In 2011, I got an admission in IIM Udaipur. There were 57 students in the very first batch. Being pioneers, we witnessed everything getting established in front of us: clubs, committees, and many things.

‘Hopyard’ was one such thing. It was a small store for the hostelites, where one could buy packaged snack foods and stationery stuff.

Hopyard was run by all the eight girls in our batch, since it was their idea.

An empty room at our hostel was turned into the store. On its inauguration day, I went there to buy a packet of Lay’s. To my amazement, I turned out to be the first consumer. Apart from all the eight girls, some four boys were also present there. Celebrating the first sale at Hopyard, we all had the photo session.

Moments later, when I was watching ‘Friends’ in my room, my neighbour shouted my name. Quickly eating the remaining half packet of chips, I went to the next room – similar to ‘Joey’, even I didn’t like sharing food.

One of the eight girls (Let’s call her X) was showing the pictures from Hopyard to both my neighbours. She asked me to join them as I was in those pictures.

As I was looking at the pics, I noticed something and said it out loud – which I shouldn’t have said. Actually, in the pic, it looked like X had an extra tooth on both the sides. That was all I wanted to say, but I said:

“I didn’t know you had two extra tith”.

Instead of pronouncing ‘ee’ in the teeth, I shortened it, which made it sound like tit.

Unaware of the pronunciation blunder, I continued looking at the pictures on her mobile. I even made a joke about me being the first consumer at Hopyard.

She was looking at me, all confused whether I mispronounced the word or I was being an a**hole. Thankfully, soon, she realized the other-word-sentence didn’t make any sense.

If it had made any sense, I would have been dead.

Months later, when we became good friends, she told me about the entire scenario from her perspective.

I didn’t admit saying any such thing at first, but, eventually, I did.

P.S. We all commit mistakes. I only admit it (publicly).

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When my crush made it almost impossible for me to breathe

When my crush made it almost impossible for me to breathe

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A few years back, I was doing summer internship at Genpact, Gurgaon. My two month project was in Human Resources.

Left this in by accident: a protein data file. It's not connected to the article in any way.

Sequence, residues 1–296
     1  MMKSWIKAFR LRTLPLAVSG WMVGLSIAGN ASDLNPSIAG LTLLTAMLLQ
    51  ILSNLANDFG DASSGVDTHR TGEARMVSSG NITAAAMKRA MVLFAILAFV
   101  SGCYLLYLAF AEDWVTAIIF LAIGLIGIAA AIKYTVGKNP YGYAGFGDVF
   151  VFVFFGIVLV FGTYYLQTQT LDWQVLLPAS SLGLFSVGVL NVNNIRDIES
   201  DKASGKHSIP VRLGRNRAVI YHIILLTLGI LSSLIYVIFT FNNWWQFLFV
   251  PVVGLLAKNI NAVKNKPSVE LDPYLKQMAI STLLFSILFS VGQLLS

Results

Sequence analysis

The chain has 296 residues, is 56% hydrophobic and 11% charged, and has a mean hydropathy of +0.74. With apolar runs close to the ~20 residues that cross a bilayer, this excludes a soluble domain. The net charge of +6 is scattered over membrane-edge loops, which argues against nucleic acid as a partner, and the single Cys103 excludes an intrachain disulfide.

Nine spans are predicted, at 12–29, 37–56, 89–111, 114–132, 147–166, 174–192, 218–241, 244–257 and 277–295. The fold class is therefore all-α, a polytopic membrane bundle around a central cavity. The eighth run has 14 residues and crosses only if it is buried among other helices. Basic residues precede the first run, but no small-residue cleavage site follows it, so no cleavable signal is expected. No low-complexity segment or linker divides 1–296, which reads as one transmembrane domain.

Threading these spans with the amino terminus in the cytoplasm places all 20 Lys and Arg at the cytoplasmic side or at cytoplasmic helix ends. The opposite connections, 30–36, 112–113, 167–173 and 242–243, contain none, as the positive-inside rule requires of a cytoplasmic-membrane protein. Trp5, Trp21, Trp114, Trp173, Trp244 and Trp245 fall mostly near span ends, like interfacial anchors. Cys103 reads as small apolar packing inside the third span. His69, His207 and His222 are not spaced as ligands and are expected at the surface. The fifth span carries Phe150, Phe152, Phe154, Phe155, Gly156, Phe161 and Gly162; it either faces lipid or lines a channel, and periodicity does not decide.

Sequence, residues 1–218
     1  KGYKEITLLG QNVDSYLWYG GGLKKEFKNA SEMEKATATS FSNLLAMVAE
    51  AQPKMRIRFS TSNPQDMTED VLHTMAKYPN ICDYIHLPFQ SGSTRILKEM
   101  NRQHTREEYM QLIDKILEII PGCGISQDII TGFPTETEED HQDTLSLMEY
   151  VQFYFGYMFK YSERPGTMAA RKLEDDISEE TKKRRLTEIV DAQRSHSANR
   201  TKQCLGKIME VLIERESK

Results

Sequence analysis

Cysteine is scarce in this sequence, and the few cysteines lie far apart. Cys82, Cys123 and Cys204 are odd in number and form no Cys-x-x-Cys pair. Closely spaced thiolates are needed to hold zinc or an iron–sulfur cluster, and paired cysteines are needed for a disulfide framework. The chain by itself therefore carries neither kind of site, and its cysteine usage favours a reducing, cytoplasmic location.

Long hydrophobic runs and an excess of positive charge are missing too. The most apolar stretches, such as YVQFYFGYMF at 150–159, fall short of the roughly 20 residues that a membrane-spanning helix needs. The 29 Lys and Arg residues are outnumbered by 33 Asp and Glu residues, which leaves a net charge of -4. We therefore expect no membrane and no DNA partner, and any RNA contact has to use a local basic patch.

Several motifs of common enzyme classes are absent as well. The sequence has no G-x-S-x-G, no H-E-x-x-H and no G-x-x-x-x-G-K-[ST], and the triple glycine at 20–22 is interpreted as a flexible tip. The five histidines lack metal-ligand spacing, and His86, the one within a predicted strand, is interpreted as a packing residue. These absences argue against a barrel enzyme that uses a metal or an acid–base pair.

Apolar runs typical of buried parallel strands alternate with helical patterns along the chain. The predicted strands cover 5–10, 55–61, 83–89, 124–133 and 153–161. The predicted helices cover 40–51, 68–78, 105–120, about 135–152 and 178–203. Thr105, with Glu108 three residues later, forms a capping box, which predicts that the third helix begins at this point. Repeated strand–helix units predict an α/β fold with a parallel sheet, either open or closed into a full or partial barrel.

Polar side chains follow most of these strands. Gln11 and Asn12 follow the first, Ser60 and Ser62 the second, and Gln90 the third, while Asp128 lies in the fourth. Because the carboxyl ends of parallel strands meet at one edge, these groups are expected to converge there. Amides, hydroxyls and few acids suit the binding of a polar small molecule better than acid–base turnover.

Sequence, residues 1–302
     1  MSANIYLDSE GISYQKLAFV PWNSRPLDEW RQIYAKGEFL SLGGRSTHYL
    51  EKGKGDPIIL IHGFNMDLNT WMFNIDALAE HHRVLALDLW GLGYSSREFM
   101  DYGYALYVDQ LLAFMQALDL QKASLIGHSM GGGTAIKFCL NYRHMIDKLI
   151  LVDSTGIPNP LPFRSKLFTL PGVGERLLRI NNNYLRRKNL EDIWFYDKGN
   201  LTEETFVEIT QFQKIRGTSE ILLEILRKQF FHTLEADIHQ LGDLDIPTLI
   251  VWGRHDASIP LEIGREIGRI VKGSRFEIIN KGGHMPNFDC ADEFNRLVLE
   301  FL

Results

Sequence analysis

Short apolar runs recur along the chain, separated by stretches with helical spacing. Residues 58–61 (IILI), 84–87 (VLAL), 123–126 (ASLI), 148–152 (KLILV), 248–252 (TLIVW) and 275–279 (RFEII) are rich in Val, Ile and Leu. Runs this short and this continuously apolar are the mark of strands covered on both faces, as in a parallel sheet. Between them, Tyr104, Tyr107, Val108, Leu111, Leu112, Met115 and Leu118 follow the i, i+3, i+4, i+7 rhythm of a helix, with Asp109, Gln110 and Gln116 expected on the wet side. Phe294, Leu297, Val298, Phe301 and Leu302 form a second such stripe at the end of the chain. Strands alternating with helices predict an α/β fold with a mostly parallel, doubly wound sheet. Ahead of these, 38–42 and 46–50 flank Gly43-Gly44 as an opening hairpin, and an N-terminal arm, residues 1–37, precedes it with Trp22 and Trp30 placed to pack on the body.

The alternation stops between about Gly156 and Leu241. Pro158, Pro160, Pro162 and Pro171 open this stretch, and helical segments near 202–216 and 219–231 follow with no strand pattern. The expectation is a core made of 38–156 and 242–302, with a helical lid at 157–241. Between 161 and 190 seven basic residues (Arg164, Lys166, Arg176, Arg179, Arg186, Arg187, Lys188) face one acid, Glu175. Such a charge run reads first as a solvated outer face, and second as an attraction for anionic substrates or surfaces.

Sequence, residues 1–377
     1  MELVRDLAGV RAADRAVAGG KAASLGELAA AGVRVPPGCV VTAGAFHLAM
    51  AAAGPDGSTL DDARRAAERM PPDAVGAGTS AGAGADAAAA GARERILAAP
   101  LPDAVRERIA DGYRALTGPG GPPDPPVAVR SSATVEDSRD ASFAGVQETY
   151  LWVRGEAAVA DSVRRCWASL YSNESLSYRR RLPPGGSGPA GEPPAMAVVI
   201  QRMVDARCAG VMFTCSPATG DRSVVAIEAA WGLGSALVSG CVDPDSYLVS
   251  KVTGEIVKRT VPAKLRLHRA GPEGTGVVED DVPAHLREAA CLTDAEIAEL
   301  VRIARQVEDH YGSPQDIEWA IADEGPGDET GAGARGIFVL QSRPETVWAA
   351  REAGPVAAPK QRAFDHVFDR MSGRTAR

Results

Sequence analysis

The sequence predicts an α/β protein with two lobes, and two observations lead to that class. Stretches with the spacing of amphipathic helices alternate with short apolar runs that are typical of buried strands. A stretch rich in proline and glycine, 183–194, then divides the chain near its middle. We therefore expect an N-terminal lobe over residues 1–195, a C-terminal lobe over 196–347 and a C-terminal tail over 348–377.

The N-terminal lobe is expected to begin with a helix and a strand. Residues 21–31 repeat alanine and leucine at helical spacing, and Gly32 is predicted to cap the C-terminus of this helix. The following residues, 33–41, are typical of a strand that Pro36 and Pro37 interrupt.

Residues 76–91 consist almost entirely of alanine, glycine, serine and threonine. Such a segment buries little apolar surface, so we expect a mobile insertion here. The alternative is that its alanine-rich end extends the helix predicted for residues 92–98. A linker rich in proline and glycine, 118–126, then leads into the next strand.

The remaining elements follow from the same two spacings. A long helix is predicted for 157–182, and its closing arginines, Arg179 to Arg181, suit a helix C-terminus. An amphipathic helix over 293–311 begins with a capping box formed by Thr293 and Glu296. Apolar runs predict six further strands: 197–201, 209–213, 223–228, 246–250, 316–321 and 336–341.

Apart from me and my boss (the lady I was assigned to), there was one extraordinarily beautiful consultant in our team. She was half British half Indian and really, really hot. On the very first day when I saw her, I got a huge crush on her.

So, every day at the office was fun since it was only three of us in one small cabin, with hardly any work for me other than staring at her. Every morning I would wake up before an alarm bell to reach the office before my boss would – so that I would get to be alone with her just for a few minutes. It didn’t happen for quite some days.

But one fine day, the universe granted my wish. The boss was coming to the office post lunch – my crush informed me. I started jumping in my head.

Finally, it was just the two of us in that cabin. It was so damn difficult for me to hide my elated mood. But, I somehow managed to act nonchalant. I wanted to start a conversation. It had to be not related to work. No topic was coming to my mind since I had the best distraction in the world sitting in front of me. So, I enjoyed just gazing at her.

Suddenly, an unpleasant pungent smell (a bit familiar) made its way into my nose.

Let me state one characteristic of this smell. We can tolerate this smell as long as it is ours. But when someone else has anything to do with it, the same smell makes us look for a fresh air.

It was obvious that she was the culprit since I had not done it and there was nobody in the cabin apart from the two of us. The cabin was air-conditioned. So, the smell lingered inside.

It was an awkward situation. On one hand, I couldn’t go out as she would have noticed that it was because of her I’m leaving– which would have embarrassed her. On the other hand, it was getting really unbearable inside.

When I looked at her, she was glued to her laptop screen, pretending like nothing happened at all. In her defence, she had the right to blame the nature or perhaps the dinner that she had the last night. The smell remained inside the cabin for three minutes – I did count. It felt almost like eternity.